Plantation Trial in Semi-Arid Land -An Example in Kenya-
JIRCAS international symposium series
NII recode ID (NCID)
In eastern Kenya, there is a vast area of semi-arid land covered with poor vegetation, the floral composition of which differs depending on the region or location within a region. This vegetation has been markedly degraded due to various factors. Since 1986 trials have been conducted to improve such a degraded vegetation. The methods employed are as follows: species screening, nursery practices especially for raising drought-resistant seedlings, stump planting, vegetative propagation, water harvesting, site preparation, etc. The following six species were deemed to be promising : Acacia polyacantha, Cassia siamea, C. spectabilis,Croton megalocarpus, Prosopis julijlora, and Tamarindus indica. Although a lower supply of water is considered to be important for hardening seedlings, it is difficult to decrease the amount practically. Stump planting can be applied at least to Cassia siamea, C. spectabilis, and Croton megalocarpus. Melia volkensii can be propagated by induced root suckers. Water harvesting attempts remain to be evaluated. This measure is labor-intensive and may not necessarily be effective. Except for Croton megalocarpus, sound growth of seedlings planted in the belts cleared cannot be confirmed unless the cleared belts are wide enough or the seedlings are released from shading by reserved belts along the cleared belts.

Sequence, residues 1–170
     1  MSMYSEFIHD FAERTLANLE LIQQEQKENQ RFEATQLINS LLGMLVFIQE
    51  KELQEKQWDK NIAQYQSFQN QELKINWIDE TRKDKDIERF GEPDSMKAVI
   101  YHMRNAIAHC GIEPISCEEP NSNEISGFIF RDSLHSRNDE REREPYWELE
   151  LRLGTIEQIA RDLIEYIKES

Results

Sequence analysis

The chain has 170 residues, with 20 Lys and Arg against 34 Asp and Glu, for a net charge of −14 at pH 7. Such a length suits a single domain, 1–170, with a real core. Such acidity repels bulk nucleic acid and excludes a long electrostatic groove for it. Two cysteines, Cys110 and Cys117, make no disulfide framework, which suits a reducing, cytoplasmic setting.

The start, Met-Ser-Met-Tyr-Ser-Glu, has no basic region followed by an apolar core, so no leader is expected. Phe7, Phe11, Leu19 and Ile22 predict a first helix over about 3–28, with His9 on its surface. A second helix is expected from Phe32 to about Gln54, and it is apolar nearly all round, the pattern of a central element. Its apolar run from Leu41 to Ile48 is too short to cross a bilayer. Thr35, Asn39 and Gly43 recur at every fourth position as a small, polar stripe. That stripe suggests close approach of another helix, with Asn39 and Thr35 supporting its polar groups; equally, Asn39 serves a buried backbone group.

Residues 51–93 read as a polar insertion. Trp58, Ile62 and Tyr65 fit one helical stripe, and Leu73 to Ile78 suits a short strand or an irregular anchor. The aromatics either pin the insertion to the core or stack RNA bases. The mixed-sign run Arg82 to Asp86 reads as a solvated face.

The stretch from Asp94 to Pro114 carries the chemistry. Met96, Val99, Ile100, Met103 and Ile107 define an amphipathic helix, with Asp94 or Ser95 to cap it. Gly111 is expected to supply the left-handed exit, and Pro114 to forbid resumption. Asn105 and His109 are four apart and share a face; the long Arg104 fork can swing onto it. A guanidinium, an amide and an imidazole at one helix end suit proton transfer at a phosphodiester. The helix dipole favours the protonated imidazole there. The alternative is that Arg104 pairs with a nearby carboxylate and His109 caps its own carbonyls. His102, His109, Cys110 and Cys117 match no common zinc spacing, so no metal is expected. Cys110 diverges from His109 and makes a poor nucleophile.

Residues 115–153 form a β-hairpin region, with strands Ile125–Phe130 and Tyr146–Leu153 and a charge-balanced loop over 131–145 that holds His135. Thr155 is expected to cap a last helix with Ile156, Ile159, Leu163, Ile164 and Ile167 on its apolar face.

|Publisher||Japan International Research Center for Agricultural Sciences|